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Is Nurturing Startups at the Educational Level the Way to Go? Loic Savage Offers an Insight

Loic Savage (venture369 b2::#3)

Small business startups are the pillar of economic growth and development. Ivan Loic Ngadjui, also known as Loic Savage or “Mr. The Process,” is a social media influencer and a budding entrepreneur who has always advocated the promotion of startups, especially at the educational level. The soon-to-be 25-years-old has risen from being an employee to owning stores on Shopify, and is now on the brink of founding his own company.

According to Loic Savage, who was born in Cameroon but is now a US citizen, for startups to realize significant growth and success, there ought to be a framework laid out which will encourage the adoption of startups at initial levels.

Loic Savage’s first reason for embracing this line of thought is that it is at the educational level where the most elite and brilliant minds are found. These brains can come up with amazing entrepreneurial ideas, and can also run and manage the startups that are launched. In support of this, one only has to look around and notice that most of the top thriving business moguls were once at educational institutions, with a number of them even launching their enterprises at that level.

Loic Savage, an associate degree holder in business argues that at the university level, there is a very large pool of individuals who come from different backgrounds and possess varying skillsets. For instance, one pursuing statistics might come across another student pursuing business, informatics, computer science, or any other field. They may then be able to bring their varying ideas and capabilities together to forge a common venture. The fact that they are all in the same institution will make it easier for them to interact and run their enterprise while learning a thing or two from each other.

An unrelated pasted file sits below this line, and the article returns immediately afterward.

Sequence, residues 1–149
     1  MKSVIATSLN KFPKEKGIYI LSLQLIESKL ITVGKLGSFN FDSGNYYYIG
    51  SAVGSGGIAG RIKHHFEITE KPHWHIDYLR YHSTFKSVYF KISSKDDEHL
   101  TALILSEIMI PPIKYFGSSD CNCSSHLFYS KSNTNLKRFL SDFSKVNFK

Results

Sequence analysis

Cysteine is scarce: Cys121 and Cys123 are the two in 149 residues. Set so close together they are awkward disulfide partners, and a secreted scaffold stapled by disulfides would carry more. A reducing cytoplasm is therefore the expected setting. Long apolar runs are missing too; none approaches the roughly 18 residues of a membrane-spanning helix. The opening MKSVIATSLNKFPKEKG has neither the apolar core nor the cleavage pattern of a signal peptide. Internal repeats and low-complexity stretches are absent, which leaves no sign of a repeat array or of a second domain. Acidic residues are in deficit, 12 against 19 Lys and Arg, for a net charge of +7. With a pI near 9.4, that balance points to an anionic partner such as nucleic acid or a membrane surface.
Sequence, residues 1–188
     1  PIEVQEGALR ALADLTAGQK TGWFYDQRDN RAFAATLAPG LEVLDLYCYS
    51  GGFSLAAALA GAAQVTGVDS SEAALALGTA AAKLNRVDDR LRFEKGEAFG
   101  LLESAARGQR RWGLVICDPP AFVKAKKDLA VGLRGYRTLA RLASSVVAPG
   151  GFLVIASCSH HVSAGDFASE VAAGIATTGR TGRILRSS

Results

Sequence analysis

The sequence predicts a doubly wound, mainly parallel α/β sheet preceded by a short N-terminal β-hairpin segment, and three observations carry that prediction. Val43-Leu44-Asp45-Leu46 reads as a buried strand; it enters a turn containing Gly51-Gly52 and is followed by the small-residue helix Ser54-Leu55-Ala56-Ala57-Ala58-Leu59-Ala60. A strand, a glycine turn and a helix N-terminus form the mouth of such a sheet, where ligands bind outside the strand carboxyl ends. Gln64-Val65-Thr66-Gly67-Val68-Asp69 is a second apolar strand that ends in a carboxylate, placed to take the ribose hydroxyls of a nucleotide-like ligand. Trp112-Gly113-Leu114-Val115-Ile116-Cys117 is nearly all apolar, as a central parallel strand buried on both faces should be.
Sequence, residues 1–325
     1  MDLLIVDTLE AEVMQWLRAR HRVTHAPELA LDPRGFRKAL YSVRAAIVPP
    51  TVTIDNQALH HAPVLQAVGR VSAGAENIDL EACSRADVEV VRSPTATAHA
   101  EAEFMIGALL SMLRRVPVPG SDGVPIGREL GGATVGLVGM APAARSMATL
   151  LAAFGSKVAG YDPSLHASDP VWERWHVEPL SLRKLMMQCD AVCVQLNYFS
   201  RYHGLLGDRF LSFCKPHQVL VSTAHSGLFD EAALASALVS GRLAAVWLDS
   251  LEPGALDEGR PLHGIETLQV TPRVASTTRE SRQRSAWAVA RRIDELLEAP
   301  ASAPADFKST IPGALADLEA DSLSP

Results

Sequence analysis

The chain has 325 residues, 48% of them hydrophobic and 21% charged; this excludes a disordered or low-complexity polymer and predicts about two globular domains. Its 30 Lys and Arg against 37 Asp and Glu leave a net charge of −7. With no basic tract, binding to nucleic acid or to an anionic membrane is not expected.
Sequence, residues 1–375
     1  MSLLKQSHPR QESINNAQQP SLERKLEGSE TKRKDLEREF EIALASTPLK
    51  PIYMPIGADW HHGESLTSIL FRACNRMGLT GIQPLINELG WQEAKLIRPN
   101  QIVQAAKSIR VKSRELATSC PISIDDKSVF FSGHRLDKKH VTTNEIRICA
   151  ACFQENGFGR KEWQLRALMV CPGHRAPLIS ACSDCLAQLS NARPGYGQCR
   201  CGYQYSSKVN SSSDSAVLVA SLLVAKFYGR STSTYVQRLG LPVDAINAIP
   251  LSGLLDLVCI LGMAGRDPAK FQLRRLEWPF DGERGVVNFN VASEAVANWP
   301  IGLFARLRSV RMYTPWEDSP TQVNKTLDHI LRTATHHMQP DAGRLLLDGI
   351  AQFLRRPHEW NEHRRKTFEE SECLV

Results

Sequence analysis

Loic also argues that the entrepreneurs at these academic levels can make more gambles with their startups. Startups are unpredictable ventures which have an underlying threat of failure. For university students, for instance, these possible failures can be accommodated since the students, most of whom are of 18-24 years of age, are not burdened with various responsibilities and commitments such as children and marital partners. At this age, one still has a lot of time to rectify the missteps they might have taken in the earlier ventures, enabling them to go for it again.

Lastly, Loic Savage highlights that there must be a consumer for the products of every startup. An academic institution is one of the most ideal places to get consumers as well as feedback for a certain product, given its high density population. For instance, a social media or telecommunication startup will benefit heavily from the students. As they will be the first consumers of the product, they can advise on where improvements should be made.

Loic Savage is genuinely excited by the prospect of seeing more involvement of startups at the educational level. He argues that this is the game-changer that has been a long time coming and needs to be fully embraced for it to bear fruit.

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